YOU HAVE AN EMERGENCY. You pick up the phone and dial 911. The person who answers is well trained and professional, asks all the right questions and gets you the help you need in the shortest time possible. Not many people in the midst of 911 call would stop to ask the dispatcher on the other end of the line: Wait a minute, who, exactly do you work for?
But that is the question that has come up among emergency responders in the county following the recent announcement by Roy Brown (R-Germantown), chairman of the county Board of Supervisors, that the board is considering whether to merge the county 911 emergency dispatch operation into the Sheriff’s Office. The goal is to save money, as much as $175,000, according to the Sheriff David Harrison. That’s a small part of the full $150-million county budget, but anything that saves money for taxpayers is welcome news. So why would anyone oppose it, especially if, as promised, no jobs will be lost?
Start with history. The Columbia 911/Emergency Communications office was established 17 years ago as an independent county agency. County leaders at the time chose that approach intentionally to address turf issues that still exist among the more than 40 separate agencies that respond to emergencies here.
One key principle keeps that complex system functioning smoothly: the “closest car” policy. Police, firefighters and rescue squad members know that depending on the type of emergency, the county 911 dispatchers will send the nearest appropriate responders to the scene without favoring one qualified agency over another. It leads to coordinated responses that save lives, and in theory the independence of the 911 system minimizes the rivalries between similar agencies.
Anyone who plans to tinker with this complex system had better be sure that all the parties are on board. But that doesn’t seem to be the case at this point. The State Police, some firefighters and the head of the 911 operation have challenged the wisdom of merging 911 into the Sheriff’s Office. On the surface that seems silly. The 911 dispatchers already work at the Sheriff’s headquarters, the county Public Safety Building in Greenport, and the Sheriff is an effective administrator as well as a savvy law enforcement professional.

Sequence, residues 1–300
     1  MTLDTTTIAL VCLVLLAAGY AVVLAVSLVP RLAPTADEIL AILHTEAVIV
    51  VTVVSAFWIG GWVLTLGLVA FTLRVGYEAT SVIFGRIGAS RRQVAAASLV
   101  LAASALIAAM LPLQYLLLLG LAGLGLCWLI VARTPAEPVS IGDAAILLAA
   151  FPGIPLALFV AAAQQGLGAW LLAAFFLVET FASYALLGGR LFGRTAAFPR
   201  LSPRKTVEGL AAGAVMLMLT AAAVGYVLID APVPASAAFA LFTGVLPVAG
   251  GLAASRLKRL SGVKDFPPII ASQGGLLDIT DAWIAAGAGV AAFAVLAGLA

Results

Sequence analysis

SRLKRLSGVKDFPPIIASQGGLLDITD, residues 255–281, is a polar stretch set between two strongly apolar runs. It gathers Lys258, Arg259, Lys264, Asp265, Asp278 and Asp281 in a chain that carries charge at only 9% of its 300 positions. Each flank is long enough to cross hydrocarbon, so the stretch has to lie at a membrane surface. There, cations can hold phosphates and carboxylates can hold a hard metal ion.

Maybe the concerns expressed have more to do with how his successors might behave rather than that Sheriff Harrison would influence dispatchers to favor his department with more calls. Or they might reflect fears, expressed by some, that if the State Police perceive a bias in calls and believe they are receiving fewer calls from local dispatchers, they will reduce their presence in the county or pull out altogether.
Even those who dismiss such scenarios as absurd have to acknowledge that the mere mention of the merger has perturbed people who carry out functions vital to the safety of the county. And merger supporters have made their task more difficult by not anticipating the negative reaction to the concept, which hasn’t even become an actual proposal.
With the good news this week of yet another new business announcing plans to open in the county, Mr. Brown and the county leaders should use the opportunity to step back from this latest bright idea for a more efficient and less costly county government and think again whether to proceed with it right now.
Some of the changes afoot in the administration of the county show great promise, particularly the new effort to coordinate and consolidate the county’s computer systems. Other proposals, like the plan to buy the old Walmart building in Greenport and move much of county government there, sound sketchy at best. It feels sometimes like the board is reinventing the county on the fly.
This 911 merger idea has gotten off to a rocky start and its future in the short term looks cloudy. Also, it arrives at the start of a county election campaign, when partisan debate will make it even more difficult to build a consensus for a significant shift in county operations.
I don’t know whether the merger of the 911 operation with the Sheriff’s Office will yield improvements or generate unanticipated and unwelcome complications. But I take very seriously the concerns of the State Police, firefighters and others who remain deeply skeptical about it. Is that just bureaucrats protecting their territory? Maybe, except that those same bureaucrats protect our lives every day. We ignore them at our peril.